Bounty hunter Stephanie Plum's life is set to blow sky high when international murder hits dangerously close to home, in this dynamite novel by Janet Evanovich. Before Stephanie can even step foot off Flight 127 Hawaii to Newark, she's knee deep in trouble. Her dream vacation turned into a nightmare, and she's flying back to New Jersey solo. Worse still, her seatmate never returned to the plane after the L.A. layover. Now he's dead, in a garbage can, waiting for curbside pickup. His killer could be anyone. And a ragtag collection of thugs and psychos, not to mention the FBI, are all looking for a photograph the dead man was supposed to be carrying. Only one other person has seen the missing photo-Stephanie Plum. Now she's the target, and she doesn't intend to end up in a garbage can. With the help of an FBI sketch artist Stephanie re-creates the person in the photo. Unfortunately the first sketch turns out to look like Tom Cruise, and the second sketch like Ashton Kutcher. Until Stephanie can improve her descriptive skills, she'll need to watch her back. Over at the bail bonds agency things are going from bad to worse. The bonds bus serving as Vinnie's temporary HQ goes up in smoke. Stephanie's wheelman, Lula, falls in love with their largest skip yet. Lifetime arch nemesis Joyce Barnhardt moves into Stephanie's apartment. And everyone wants to know what happened in Hawaii? Morelli, Trenton's hottest cop, isn't talking about Hawaii. Ranger, the man of mystery, isn't talking about Hawaii. And all Stephanie is willing to say about her Hawaiian vacation is . . . It's complicated.
"In what is really the second half of Smokin' Seventeen (2011), bail-bondswoman Stephanie Plum returns to Trenton, New Jersey, a day early from a supposedly romantic vacation in Hawaii alone. We do not find out until much later who accompanied her there and what happened after that. The thrill is gone from this long-running series, along with the giggles, the gentle pokes, and the rip-roaring enjoyment. Nearly all the characters have turned into caricatures, no one more so than Lula, whose badass sassiness has turned into stupidity. Here Lula ingests a love potion and falls for a purse snatcher. A few rats do fall from the ceiling: Stephanie's nemesis of long ago, Joyce Barnhardt, actually takes over Steph's apartment for a while, and there is a misplaced-photograph trope that ends rather creatively. The cop Morelli (Cupcake!) and the security expert Ranger (Babe!) are Stephanie's men, and watching her try to balance between them or choose one, a former pleasure of the series, has become just embarrassing. Stephanie never learns and never grows, just makes the same bad choices over and over. It's exhausting. A forthcoming movie based on the series, which takes place in earlier, wittier times, will probably jump-start many into the series, and die-hard fans won't let go until Stephanie does.--DeCandido, GraceAnne A. Copyright 2010 Booklist"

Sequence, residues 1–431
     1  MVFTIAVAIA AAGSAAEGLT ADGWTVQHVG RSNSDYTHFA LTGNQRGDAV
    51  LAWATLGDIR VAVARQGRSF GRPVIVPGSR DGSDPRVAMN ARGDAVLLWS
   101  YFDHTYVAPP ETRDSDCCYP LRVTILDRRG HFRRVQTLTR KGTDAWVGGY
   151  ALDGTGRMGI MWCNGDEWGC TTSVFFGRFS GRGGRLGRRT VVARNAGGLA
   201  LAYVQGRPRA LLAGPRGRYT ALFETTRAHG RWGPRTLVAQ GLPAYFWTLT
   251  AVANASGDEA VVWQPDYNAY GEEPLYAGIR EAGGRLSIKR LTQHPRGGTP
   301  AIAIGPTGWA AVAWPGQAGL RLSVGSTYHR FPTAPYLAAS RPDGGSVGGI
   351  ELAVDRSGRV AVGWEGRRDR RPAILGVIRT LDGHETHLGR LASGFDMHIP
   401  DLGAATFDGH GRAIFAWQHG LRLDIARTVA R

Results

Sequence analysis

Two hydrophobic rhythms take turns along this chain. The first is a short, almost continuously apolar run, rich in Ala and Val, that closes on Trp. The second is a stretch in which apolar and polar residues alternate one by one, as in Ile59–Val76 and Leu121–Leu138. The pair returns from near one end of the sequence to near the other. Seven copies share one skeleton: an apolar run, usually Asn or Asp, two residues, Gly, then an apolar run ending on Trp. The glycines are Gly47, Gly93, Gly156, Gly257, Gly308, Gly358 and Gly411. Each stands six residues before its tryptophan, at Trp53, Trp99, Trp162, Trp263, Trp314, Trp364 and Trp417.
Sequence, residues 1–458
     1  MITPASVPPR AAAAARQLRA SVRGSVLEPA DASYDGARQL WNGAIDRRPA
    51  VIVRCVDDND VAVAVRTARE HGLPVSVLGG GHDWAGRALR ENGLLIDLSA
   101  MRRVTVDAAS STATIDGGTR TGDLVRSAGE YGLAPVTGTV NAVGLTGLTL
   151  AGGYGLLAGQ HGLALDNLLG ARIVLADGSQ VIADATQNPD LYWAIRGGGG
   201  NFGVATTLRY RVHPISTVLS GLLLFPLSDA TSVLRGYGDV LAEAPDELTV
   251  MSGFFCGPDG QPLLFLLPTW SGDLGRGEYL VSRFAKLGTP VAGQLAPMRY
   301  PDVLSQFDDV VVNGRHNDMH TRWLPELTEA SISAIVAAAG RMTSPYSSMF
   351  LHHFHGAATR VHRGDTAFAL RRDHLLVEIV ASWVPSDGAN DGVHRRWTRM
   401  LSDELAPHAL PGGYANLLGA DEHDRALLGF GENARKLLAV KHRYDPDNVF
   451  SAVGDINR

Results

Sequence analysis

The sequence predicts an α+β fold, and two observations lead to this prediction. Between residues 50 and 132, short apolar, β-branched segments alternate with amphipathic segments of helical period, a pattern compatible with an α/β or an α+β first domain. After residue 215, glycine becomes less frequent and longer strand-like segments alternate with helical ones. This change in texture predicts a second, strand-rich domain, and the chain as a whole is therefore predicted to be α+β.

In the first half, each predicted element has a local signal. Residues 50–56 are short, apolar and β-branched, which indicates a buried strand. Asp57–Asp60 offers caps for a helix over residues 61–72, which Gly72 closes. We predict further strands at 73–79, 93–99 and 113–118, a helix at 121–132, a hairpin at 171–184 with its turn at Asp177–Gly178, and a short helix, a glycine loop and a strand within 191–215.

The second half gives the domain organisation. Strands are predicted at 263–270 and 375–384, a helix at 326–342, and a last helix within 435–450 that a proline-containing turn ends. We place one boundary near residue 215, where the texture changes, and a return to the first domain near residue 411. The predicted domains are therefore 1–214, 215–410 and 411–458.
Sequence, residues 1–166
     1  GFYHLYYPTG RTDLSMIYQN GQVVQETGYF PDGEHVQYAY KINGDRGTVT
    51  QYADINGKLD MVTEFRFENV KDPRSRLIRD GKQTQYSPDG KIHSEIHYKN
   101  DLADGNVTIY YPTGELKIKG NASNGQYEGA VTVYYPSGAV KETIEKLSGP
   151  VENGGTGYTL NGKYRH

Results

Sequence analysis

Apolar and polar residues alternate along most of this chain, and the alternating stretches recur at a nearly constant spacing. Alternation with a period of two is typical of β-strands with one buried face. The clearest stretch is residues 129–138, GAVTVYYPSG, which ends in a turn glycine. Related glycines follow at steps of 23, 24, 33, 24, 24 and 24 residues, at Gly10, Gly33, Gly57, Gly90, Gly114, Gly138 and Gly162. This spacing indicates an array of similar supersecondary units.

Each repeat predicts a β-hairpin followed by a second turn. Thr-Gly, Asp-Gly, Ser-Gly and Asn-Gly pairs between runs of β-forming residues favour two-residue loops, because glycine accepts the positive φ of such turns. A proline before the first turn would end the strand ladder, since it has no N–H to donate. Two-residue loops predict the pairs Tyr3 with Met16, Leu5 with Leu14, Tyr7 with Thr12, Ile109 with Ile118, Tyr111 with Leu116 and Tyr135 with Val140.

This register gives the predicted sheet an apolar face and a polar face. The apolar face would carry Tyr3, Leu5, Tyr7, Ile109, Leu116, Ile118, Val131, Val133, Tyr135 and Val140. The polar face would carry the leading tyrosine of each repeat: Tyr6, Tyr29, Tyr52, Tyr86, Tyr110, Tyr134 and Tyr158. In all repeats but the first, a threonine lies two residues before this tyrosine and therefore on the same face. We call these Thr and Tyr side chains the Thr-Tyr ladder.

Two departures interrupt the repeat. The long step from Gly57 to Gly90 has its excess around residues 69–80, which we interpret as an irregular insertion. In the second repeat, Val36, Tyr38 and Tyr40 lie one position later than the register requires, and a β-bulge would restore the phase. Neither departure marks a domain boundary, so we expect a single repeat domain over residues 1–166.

From Booklist, Copyright (c) American Library Association. Used with permission.
Publisher's Weekly Review:
"Life is never dull for Stephanie Plum, but now she's got an assassin and the FBI on her tail in Evanovich's less than stellar 18th entry in her main sequence featuring the New Jersey bounty hunter (after Smokin' Seventeen). Back in Trenton after a disastrous trip to Hawaii that involved both Ranger and Joe Morelli (don't ask, she won't talk), Stephanie tries to go about life in the bond business, accompanied as always by her sidekick, Lula. But Hawaii won't stay buried, especially when news that her seatmate turned up murdered and his killers are convinced that Stephanie now has a photograph he was carrying. With Stephanie's luck, the photograph did end up in her luggage, but she threw it away, thinking it was junk. But try telling that to the FBI-and the shady men masquerading agents-or the hit man who goes by Razzle Dazzle and wants to kill her and take the photograph, not necessarily in that order. There are still bond jumpers to catch-like Buggy, who repeatedly steals Stephanie's car-and the perpetual Morelli versus Ranger question to answer. In the end, there's little to distinguish this installment from its recent predecessors. (Nov.) © Copyright PWxyz, LLC. All rights reserved."